U.S. Defense Secretary Jim Mattis has said he believes there was a chemical weapons attack in Syria last Saturday, but admits the U.S. government is still " looking for the actual evidence" to support the claim.
Mattis briefed reporters on the Pentagon Friday an hour after President Donald Trump launched the strike. "It is to drive this to a United Nations brokered peace, but at the same time, keep our foot on the neck of ISIS until we suffocate it", Mattis said during the meeting, the Washington Free Beacon reported.
Mattis told the House Armed Services Committee on Thursday that the administration had practical concerns about collateral damage and getting entangled in a larger conflict.
Mr. Mattis said he is "absolutely confident" that Mr. Assad used chemical weapons on his own people, killing dozens last week in Douma, a rebel-held suburb of Damascus. Some global observers have speculated the attack could have been caused by industrial chlorine, rather than a weaponized nerve agent. Just weeks ago, Trump said he wanted to end USA involvement in Syria and bring American troops home to focus on the homeland.
Explosions are being heard to the east, west and south of Damascus as the US, United Kingdom and France conduct airstrikes in retaliation for an alleged chemical attack by the Syrian government on its own people.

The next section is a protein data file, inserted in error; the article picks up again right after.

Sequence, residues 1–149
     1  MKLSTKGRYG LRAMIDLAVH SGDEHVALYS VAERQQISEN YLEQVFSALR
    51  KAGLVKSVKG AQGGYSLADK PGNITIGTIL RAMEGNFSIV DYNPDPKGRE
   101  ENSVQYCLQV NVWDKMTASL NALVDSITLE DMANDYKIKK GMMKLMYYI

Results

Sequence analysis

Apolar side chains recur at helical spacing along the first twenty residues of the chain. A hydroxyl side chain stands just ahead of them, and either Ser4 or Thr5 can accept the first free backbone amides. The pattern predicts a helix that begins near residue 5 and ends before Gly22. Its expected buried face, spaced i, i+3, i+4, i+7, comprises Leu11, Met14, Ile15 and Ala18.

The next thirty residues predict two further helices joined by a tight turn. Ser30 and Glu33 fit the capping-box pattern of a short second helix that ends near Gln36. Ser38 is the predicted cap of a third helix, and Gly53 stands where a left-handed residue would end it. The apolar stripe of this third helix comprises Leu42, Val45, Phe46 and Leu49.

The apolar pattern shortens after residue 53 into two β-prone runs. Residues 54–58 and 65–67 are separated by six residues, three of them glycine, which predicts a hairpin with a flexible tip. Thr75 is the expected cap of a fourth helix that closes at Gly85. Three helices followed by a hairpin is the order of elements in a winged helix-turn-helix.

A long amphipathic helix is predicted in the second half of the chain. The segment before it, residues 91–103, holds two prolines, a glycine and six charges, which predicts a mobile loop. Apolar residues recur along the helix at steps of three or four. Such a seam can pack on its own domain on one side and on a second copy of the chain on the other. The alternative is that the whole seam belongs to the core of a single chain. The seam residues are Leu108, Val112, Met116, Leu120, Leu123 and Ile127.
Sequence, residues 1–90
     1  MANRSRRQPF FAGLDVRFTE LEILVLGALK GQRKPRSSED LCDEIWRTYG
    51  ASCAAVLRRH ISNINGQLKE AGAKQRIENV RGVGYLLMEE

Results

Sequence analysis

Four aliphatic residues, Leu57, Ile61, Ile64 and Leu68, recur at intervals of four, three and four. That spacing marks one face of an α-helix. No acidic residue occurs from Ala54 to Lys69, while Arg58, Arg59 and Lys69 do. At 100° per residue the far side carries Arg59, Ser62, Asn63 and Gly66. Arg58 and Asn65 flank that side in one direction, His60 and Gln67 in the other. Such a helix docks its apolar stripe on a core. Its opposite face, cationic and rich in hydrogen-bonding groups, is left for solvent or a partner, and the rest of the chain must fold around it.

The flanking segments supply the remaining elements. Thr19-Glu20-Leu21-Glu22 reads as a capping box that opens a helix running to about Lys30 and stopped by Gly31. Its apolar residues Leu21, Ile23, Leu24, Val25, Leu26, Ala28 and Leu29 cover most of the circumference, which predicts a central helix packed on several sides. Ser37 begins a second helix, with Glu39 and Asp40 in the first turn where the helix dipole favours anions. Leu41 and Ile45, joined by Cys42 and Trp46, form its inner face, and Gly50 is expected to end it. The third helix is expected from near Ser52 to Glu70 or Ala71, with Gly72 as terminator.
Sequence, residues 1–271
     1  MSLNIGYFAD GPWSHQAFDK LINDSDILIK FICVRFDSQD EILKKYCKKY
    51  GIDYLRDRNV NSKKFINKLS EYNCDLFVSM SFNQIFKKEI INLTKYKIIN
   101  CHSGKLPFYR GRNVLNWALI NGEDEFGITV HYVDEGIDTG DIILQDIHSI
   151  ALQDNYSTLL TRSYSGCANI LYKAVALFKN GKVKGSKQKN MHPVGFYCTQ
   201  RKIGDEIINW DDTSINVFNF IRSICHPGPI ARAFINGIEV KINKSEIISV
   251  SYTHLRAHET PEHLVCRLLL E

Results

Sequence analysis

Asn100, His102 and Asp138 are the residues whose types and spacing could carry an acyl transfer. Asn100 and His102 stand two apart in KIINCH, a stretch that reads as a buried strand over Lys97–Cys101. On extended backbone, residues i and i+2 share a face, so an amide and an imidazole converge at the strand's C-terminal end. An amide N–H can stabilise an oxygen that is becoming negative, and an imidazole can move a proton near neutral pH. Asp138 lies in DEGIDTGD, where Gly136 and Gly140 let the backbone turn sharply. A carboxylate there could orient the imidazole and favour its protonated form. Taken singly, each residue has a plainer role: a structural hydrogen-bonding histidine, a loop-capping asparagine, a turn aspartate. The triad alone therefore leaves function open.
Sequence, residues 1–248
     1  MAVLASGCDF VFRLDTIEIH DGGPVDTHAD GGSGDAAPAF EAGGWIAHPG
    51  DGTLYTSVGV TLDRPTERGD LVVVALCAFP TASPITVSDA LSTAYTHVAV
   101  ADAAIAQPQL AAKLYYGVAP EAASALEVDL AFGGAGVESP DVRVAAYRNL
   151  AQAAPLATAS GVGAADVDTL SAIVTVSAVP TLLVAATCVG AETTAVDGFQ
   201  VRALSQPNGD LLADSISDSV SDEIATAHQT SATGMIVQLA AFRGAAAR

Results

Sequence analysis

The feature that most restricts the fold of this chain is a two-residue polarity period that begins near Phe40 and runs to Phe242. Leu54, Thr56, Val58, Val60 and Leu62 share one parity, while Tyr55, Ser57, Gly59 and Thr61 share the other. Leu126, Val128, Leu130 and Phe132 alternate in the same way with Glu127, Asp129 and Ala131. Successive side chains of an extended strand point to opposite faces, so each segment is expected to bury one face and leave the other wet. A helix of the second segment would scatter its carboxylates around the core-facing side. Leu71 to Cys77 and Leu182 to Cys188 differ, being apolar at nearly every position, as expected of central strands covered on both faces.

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It was not immediately clear whether Trump meant the allied military operation would extend beyond an initial nighttime round of missile strikes.
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On Thursday, during a public hearing, Mattis told members of Congress that the U.S. is "not going to engage in the civil war itself", and it remains committed to the United Nations-backed negotiations in Geneva to end the war. "But at the same time, it was a heavy strike". But Mattis cautioned that even if they arrived as soon as possible, they wouldn't be able to attribute the attack to anyone.
"Trump calls the two countries those "most responsible for supporting, equipping and financing the criminal Assad regime". He said Friday that he saw that evidence only on Thursday.
"We confined it to the chemical weapons type targets".
"We are trying to stop the murder of innocent people. We are not ruling out sarin right now", Mattis said.
"I'm not ready to speculate that that would happen", Mattis replied.
Macron said France has proof that the Syrian government launched chlorine gas attacks and said France would not tolerate "regimes that think everything is permitted".
Mattis noted that previous year, US forces conducted a "unilateral strike on a single site", whereas he said these strikes "will result in a long term degradation to the Syrians' capability to research, develop, and employ biological and chemical weapons".
After Trump met with the National Security Council Thursday afternoon, the White House said he would be speaking with both allies and had not yet reached a decision on how to respond.